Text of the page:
Facilities already up and running are projected to grow 22 million tons of meat. This amount is equal to only 10% of the plant based meat currently produced. Generating this amount of cell cultivated meat could match demand for animal protein harvested without harming animals. But, it would barely put a dent in current demand for nutritious meat options, and even less so if population numbers rise. The United States alone consumes approximately 100 billion pounds of meat in a year’s time. If the industry were to scale and produce millions more tons, the figures still don’t make it a cost competitive option for the average consumer, and certainly not for the low-income households currently falling into insecure categories.

Whether or not cell cultivated meat is a resilient option is still up for debate. The process is incredibly complex. Many of the scientific nuances are not fully understood to the point of declaring them dependable. Current barriers include thermodynamics, the design of the bioreactors, the cost of ingredients, the construction of facilities, and actual cell metabolism. Transparency will likely play a big role in the adoption of processing synthetic meat since scientific mystery tends to lend itself to stigmas, especially when it pertains to the food we eat.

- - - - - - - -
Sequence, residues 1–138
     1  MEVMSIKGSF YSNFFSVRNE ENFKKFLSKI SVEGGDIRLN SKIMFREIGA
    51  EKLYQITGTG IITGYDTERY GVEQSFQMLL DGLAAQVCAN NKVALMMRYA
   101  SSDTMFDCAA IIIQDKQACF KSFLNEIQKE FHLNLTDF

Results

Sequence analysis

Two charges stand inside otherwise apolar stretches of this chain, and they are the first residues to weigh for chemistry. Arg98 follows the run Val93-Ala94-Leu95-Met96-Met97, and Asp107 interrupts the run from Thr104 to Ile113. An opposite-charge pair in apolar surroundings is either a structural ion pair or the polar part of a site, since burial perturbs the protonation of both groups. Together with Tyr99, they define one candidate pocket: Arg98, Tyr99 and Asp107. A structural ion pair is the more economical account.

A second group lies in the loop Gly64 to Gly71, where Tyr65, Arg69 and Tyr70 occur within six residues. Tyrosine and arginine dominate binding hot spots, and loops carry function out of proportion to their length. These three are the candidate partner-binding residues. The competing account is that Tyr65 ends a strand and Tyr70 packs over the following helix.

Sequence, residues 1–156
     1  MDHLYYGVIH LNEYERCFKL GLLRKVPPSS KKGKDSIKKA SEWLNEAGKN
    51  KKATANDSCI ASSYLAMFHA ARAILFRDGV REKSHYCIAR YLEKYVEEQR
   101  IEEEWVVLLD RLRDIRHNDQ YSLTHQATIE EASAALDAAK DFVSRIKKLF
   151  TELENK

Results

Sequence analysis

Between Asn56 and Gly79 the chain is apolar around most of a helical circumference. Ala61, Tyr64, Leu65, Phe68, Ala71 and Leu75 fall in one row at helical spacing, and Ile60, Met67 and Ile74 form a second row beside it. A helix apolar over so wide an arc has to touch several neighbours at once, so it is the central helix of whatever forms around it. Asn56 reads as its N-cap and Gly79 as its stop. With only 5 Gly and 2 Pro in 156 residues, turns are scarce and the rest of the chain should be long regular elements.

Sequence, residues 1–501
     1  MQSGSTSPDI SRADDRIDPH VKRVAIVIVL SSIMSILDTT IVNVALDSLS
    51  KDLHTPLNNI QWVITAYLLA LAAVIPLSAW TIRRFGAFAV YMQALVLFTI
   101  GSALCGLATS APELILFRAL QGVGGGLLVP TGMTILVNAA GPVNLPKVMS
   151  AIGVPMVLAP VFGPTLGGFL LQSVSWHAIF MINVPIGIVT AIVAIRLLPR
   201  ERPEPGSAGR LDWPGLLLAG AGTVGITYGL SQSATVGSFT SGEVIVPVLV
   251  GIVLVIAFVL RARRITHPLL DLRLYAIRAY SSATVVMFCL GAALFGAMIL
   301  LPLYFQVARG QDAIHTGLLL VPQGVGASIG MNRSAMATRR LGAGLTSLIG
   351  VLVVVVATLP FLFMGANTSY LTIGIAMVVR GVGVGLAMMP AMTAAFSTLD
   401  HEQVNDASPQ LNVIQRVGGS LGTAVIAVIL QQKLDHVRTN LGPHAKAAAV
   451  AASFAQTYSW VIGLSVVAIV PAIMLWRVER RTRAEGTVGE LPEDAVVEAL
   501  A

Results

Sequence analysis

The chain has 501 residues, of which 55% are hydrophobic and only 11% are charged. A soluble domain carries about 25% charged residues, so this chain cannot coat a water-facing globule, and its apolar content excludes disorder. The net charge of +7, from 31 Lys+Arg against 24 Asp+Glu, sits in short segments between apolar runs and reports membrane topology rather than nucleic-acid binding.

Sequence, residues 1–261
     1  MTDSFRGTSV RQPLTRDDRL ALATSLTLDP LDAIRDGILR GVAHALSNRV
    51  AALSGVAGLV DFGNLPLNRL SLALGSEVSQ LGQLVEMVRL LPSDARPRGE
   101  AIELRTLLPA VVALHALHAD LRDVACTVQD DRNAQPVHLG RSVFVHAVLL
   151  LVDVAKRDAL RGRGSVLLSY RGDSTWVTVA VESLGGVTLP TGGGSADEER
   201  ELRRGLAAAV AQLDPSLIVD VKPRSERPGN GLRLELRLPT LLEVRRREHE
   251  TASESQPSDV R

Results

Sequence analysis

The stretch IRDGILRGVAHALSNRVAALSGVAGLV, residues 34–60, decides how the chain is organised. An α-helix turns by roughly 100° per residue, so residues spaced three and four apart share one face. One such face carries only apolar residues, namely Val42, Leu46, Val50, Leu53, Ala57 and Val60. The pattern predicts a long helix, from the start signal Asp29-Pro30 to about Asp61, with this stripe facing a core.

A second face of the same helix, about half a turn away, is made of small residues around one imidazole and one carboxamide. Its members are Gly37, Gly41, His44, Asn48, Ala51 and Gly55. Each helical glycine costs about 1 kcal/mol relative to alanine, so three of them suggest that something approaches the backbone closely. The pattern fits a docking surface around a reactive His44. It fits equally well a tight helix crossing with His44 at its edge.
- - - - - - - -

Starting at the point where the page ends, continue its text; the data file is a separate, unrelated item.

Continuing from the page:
Social Impacts of Cultured Meat

European countries have banned cultured meat for many reasons from scalability to the safety of components used for growing edible muscle tissue. One of the most prominent reasons is the impact the process could have on many people’s means of earning income. Agriculture as we know it today is completely dependent on natural food that is raised or grown on ranches and farms. Several synthetic food companies hope to have affordable, nutritious, resilient meat supplies in full swing by 2030. Though this is becoming an unrealistic timetable, the option alone feels like a threat to farmers and the many businesses that offshoot from them. Millions of people all over the world earn their income by being part of agricultural supply chains; from growing, to processing, to transporting, to butchering and selling.  Do we really want to live like the Jetsons? 

Realistically, cultured meat will play a supporting role in food security efforts simply by offering one more option, but it is not likely to take a prominent place on the stage in the near future.